Ames native Sarah Grant’s art marks the ISU landscape. Her love of Iowa is captured in the many public works of art exhibited on campus and in her successful business, Sticks, Inc.
Sarah Grant was born in 1953 in Rochester, New York, where her father, John, was in medical school. She moved to Ames, Iowa in second grade and graduated from Ames High School. Following graduation, she enrolled at Colorado State University, but, after a few semesters, decided that she missed Iowa. Grant completed her undergraduate work at the University of Iowa, where she received a BFA in Intaglio Printmaking and Drawing. She stayed at the University of Iowa to pursue graduate work under the instruction of noted Iowa printmakers Mauricio Lasansky and Virginia Myers. She finished at the University of Iowa with a MA in printmaking and a MFA in painting.
Beginning as a young child, Grant was always doing something creative. She loved theater, music, writing, and was always making things. Her father was a beloved doctor in Ames, and her mother, Carol, a stay-at-home mom. Both of them encouraged her to always do what she loved, what made her heart happy. She was exposed to the arts in many different ways throughout her childhood, including elementary school art classes with textile artist Priscilla Sage and participating in Ames Community Theater with longtime arts advocates, Nancy Polster and Carole Horowitz. She was constantly surrounded by creative individuals who encouraged and nurtured her interest in art.
After graduating from college, Grant took on many teaching roles in the arts. She taught painting to children at the Des Moines Art Center and was involved with the Des Moines Public School’s Talented and Gifted Program. In 1980, she was asked to teach drawing at Iowa State University in the department of Art and Design, where she taught for the next ten years. While teaching drawing, she continued to focus her artwork on painting. In October of 1984, she had her first solo exhibition at the Olson-Larsen Galleries in Des Moines. She is still represented by Olson-Larsen Galleries today.
In 1985, Grant was asked to create a wood nativity for a holiday publication of Better Homes and Gardens Decorative Woodcrafts magazine. Originally intimidated at the thought of sculpting in wood, she found comfort in her decision to engrave and paint the wood, two techniques with which she was comfortable. When her nativity was published in the magazine, she was immediately flooded with requests for more. Beginning with the nativity, Grant saw an opportunity for customization with other decorative objects. Her American craft artworks continued to increase in popularity, and as a result of the high demand, in 1992, she incorporated and officially formed the company Sticks. The foundation of the Sticks signature style comes from Grant’s background as a drawer and engraver. The company provided her the opportunity to collaborate with many talented artists, at one time employing 180 artisans to help fulfill customer demand. Today, Sticks is represented by more than 150 galleries nationwide.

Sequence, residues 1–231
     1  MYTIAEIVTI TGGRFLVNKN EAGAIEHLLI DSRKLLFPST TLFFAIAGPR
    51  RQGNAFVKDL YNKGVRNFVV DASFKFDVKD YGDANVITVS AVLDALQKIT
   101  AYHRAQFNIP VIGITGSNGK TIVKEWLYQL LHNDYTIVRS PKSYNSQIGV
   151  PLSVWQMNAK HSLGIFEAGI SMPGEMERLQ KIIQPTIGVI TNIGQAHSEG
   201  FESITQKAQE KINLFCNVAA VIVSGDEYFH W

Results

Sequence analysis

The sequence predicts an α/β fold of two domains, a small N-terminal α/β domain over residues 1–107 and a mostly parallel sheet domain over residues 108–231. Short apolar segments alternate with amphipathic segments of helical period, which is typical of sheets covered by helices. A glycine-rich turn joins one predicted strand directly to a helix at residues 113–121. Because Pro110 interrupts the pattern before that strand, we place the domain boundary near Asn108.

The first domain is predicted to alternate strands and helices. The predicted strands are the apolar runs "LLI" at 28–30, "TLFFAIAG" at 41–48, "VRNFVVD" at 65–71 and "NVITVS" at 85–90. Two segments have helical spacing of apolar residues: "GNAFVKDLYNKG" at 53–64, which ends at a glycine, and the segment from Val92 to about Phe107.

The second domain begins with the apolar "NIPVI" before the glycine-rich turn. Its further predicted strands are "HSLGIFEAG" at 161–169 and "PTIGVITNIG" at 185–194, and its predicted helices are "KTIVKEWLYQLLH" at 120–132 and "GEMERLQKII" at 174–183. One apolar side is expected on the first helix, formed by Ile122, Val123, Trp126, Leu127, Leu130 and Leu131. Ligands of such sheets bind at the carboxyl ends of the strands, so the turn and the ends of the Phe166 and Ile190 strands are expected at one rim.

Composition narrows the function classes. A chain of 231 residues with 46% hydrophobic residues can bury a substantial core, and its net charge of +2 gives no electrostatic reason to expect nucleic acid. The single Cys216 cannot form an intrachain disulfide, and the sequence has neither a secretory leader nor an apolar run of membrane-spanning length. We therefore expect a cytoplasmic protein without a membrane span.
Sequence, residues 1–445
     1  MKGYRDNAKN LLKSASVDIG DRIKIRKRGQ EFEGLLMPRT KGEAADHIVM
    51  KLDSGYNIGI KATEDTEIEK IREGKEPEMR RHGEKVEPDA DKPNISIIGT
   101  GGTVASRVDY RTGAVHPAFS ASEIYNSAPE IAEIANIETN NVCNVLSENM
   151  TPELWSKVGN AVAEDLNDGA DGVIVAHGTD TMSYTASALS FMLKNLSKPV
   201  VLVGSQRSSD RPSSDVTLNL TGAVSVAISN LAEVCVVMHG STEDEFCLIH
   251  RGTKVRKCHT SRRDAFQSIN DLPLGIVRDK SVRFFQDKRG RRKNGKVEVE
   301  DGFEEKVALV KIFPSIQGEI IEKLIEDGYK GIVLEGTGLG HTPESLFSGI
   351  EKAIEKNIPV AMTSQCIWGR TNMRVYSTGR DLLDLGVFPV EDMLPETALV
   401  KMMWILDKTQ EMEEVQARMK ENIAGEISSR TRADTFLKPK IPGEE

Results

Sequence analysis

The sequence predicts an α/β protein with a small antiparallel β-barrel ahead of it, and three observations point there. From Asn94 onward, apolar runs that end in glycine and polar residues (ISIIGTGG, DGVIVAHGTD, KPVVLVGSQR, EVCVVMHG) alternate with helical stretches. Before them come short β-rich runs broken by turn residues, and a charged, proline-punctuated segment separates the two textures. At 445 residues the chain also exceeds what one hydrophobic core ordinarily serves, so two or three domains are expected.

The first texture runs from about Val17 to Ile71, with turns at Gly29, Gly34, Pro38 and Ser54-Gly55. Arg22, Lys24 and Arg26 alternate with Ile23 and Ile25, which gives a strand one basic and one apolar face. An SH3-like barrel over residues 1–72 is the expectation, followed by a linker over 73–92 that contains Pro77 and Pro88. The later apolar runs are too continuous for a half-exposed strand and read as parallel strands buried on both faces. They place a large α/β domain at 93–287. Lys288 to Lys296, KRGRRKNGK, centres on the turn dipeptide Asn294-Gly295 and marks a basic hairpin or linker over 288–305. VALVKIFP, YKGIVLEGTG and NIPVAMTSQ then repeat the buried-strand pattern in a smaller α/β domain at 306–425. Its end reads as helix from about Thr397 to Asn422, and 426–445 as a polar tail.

Originally Sticks focused on selling custom wood objects, including furniture and decorative art objects specifically designed for home consumers. In the early nineties they branched out to the realm of public art. Sticks’ installation at Blank Children’s Hospital in Des Moines was a turning point and the foundation for future public art projects. Grant recognized the project was about the users of the space and filled the hospital with positive and uplifting messages from floor to ceiling. She used her story telling approach to provide needed distractions and positive energy to children and families dealing with difficult situations.
At Iowa State, Sticks has significantly impacted the visual aesthetic of the campus and the campus experience through 12 major public art installations including more than 70 individual works of art. Additionally, Grant’s personal art as a painter has contributed 14 paintings to the permanent Art on Campus Collection. In total, no other artist has visually impacted the Iowa State campus to this magnitude. From her first public art project in the Veterinary Medicine Child Care Center in 1996 (My World is So Full of Many Things) to her installation in 2011 that transformed the atrium of the Horticulture building (ISU Horticulture…looking back, looking ahead…cultivating knowledge now), Grant has expressed the deep morals and values of the Iowa State community through her American craft style. She celebrates Iowa State history, customs, traditions, and students through her art and whimsical drawing.
In 2008, Sarah Grant was named Woman Business Owner of the Year at the annual Women of Influence event organized by Business Record magazine to celebrate central Iowa women. She also received an Honorary Alumni Award from the ISU Alumni Association in 2009.
Grant, Sarah. Personal Interview. 07 Nov. 2013.
Business Record. “Women of Influence Complete List of Honorees.” http://www.businessrecord.com/Content/RetailBusiness/RetailBusiness/Article/WomenofInfluenceCompletelistofhonorees/179/854/46668
ISU Alumni Association. “Honorary Alumni Award.” http://www.isualum.org/en/awards/distinguished_awards_celebration/honorary_alumni_award/sarah_grant_2009/
Sticks, Inc. https://sticks.com/